Projection - Realitivity

(CD 2015, 54:04, Independent Release )

The tracks:
  1- On(1:49)
  2- Running Through Time(4:22)
  3- The Expectation Cell(3:13)
  4- Hypocrite(4:59)
  5- Numb(4:41)
  6- Overload(4:06)
  7- Escape(3:42)
  8- Delirious(5:53)
  9- Stranded(3:45)
10- Erase(5:16)
11- Off: A New Beginning(4:21)
12- On (Again)(7:51)

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Having gained experience in the cover circuit, Dutch band Projection decided the time was right to release an album, filled with self-written compositions. Realitivity is the result of this co-operation between vocalist and guitarist Frank van Eerden, keyboard player and vocalist Peter Pampiermole, bass player and vocalist Jürgen ten Have and drummer, vocalist Richard Immink.

After a short intro; On an alarm bell introduces the first real song; Running Through Time-a song that sounds like the perfect start for this promising band featuring nice up-tempo, haunted drums and very catchy vocal parts. The guitar has a prominent role in Projection's music, as well as the combination of four voices, although the majority of the lead vocal work goes to Frank van Eerden and Richard Immink. After this impressive opener, you are sucked into the catchy songs that are both progressive rock as well as melodic, but absolutely drenched in a metallic sauce. The songs on the album are nicely built up, like Hypocrite and Numb. Both songs start smooth and gently gain power and end with pleasant guitar and keyboard solo parts. During Overloaded, the tempo and power goes up and we are treated by a very fine progressive rock keyboard solo, emphasizing the progressive rock element. Stranded is an acoustically based song, with intense vocals focusing on the softer, more emotional side of Projection's music. Besides the brilliant opener, Erase is another highlight of the album, perhaps the album's epic song, where guitar and keyboards perfectly balance each other and the dual vocal parts totally complement each other. Musically, the band finds themselves in the line of bands like Sylvan; during the softer parts, added with more powerful parts reminding me sometimes of Queensryche. After several listens, I have come to the conclusion that Projection doesn't have a real distinguished vocalist, but the combination of the lead vocals does fit perfectly to the music, without really standing out.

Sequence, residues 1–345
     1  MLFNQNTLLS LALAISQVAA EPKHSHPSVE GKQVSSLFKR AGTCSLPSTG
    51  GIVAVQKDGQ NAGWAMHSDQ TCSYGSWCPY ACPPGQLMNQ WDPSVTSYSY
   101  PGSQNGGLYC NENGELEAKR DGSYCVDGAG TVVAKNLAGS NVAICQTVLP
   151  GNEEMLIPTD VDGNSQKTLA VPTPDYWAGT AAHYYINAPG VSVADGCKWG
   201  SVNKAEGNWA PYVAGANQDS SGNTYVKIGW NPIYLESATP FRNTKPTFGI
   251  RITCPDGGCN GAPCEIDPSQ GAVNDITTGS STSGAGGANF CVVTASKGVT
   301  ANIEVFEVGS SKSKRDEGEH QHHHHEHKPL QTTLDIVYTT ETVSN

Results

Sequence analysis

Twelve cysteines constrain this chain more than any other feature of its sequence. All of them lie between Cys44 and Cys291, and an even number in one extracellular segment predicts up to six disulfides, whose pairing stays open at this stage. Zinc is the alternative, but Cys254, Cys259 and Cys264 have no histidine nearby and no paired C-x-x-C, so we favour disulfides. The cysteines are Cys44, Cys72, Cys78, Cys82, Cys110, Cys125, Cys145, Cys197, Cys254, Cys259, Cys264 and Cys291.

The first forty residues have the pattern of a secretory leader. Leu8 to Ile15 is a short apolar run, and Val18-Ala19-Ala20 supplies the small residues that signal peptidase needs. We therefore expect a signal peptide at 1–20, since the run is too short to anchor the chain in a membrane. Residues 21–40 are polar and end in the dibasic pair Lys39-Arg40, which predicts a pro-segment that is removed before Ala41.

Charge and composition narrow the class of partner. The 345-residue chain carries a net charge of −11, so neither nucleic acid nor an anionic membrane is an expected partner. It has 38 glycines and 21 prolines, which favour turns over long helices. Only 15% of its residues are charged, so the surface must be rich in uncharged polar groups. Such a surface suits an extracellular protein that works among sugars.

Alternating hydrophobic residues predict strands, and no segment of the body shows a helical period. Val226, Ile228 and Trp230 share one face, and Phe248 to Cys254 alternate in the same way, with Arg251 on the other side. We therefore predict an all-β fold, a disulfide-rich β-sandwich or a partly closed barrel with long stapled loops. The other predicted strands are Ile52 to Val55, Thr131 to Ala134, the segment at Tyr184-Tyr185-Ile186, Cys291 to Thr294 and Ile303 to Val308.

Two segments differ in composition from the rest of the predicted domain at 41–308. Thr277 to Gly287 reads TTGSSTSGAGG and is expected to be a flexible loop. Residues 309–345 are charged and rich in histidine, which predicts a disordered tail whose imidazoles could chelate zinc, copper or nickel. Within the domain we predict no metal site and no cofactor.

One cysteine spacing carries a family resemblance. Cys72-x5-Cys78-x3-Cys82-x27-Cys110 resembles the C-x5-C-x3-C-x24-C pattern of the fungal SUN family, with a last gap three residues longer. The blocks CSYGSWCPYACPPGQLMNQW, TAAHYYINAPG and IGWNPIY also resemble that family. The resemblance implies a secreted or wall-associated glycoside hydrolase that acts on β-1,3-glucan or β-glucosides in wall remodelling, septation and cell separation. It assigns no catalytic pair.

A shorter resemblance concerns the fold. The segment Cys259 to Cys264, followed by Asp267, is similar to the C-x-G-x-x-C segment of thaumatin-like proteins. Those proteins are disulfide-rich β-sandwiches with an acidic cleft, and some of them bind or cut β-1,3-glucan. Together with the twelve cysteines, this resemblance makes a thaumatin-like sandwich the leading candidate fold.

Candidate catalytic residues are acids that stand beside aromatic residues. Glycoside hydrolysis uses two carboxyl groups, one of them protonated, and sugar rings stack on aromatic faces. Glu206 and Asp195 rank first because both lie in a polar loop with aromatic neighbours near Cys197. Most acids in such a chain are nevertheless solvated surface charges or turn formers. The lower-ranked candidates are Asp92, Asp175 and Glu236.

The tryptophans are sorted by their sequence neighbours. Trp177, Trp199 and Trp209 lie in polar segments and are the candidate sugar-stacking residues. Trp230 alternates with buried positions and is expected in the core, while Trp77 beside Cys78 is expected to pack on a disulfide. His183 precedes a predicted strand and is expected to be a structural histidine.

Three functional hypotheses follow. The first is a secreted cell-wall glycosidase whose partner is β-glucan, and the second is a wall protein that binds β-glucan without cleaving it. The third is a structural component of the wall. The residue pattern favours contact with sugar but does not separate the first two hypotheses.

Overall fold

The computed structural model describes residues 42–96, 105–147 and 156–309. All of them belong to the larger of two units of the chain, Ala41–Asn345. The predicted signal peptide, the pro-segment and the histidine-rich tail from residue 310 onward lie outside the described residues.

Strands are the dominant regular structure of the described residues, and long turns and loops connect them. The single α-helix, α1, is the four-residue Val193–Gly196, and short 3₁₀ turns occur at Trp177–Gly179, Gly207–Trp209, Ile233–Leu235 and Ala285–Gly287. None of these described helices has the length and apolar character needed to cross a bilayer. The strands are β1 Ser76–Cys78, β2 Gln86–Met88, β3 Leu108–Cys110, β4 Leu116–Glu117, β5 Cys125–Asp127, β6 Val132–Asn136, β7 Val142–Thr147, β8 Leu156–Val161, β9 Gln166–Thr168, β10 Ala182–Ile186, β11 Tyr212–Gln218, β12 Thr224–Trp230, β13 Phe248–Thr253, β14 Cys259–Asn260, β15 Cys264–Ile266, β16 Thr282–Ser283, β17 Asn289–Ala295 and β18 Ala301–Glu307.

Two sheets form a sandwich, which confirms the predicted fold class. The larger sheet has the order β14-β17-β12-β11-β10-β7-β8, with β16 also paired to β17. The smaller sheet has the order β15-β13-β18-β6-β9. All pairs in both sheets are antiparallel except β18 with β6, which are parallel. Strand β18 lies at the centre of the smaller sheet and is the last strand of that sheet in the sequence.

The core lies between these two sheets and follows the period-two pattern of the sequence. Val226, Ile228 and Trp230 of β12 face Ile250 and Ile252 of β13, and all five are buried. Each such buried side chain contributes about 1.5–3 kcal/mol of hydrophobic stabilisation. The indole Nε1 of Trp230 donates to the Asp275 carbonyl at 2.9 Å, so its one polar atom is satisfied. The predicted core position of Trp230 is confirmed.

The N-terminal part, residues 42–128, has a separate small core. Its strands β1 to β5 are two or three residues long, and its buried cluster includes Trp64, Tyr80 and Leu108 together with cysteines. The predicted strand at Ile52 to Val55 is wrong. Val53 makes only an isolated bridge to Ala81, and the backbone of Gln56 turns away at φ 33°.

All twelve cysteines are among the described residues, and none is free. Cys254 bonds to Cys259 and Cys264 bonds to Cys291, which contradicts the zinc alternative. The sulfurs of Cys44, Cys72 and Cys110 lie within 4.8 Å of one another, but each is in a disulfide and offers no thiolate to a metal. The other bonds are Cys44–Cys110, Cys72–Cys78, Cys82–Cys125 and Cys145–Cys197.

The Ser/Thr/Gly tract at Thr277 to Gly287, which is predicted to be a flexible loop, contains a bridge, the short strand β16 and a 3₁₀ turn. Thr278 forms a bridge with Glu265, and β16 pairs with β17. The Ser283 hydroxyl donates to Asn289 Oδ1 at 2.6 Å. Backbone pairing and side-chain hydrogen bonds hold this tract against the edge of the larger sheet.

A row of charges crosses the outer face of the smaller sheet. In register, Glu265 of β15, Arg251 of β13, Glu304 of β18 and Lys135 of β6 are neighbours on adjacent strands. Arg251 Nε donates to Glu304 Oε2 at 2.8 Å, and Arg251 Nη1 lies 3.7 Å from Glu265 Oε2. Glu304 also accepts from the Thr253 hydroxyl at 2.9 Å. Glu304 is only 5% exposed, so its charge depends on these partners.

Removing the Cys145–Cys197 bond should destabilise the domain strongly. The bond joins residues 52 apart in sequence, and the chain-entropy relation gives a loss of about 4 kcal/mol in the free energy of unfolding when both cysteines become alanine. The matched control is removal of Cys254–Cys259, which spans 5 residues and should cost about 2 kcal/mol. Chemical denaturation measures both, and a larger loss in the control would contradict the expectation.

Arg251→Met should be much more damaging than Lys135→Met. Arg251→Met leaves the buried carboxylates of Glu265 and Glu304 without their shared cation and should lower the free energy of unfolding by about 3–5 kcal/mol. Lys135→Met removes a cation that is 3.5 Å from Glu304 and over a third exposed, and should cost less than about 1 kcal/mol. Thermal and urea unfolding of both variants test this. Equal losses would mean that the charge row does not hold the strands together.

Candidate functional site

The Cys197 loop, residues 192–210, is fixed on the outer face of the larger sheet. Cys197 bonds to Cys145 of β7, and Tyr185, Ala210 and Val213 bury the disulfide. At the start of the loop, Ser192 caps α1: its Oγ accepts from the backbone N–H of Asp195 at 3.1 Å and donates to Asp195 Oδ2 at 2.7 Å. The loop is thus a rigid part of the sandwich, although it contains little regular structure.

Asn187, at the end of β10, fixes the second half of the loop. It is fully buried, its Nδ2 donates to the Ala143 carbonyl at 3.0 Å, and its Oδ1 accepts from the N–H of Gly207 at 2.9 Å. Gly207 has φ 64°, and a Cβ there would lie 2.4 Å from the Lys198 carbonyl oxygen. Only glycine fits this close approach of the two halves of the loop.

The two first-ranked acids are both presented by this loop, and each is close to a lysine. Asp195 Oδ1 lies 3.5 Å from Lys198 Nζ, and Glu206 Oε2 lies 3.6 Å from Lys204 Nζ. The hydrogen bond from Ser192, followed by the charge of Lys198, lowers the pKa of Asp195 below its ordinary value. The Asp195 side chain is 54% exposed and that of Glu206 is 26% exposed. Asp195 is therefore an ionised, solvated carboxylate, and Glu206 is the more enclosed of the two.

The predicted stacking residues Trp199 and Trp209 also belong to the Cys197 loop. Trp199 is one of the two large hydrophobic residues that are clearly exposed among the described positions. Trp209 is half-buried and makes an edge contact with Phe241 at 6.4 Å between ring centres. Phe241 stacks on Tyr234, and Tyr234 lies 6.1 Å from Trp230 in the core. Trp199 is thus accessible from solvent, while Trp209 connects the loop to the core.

Writing this review I tend to feel a bit disappointed, not in their music, but more why this band has spent so much time playing covers, where their own compositions should absolutely be placed above the average song writing. Just listen to the final chapter of the album; On (Again) and you will agree.

**** Pedro Bekkers (edited by Robert James Pashman)

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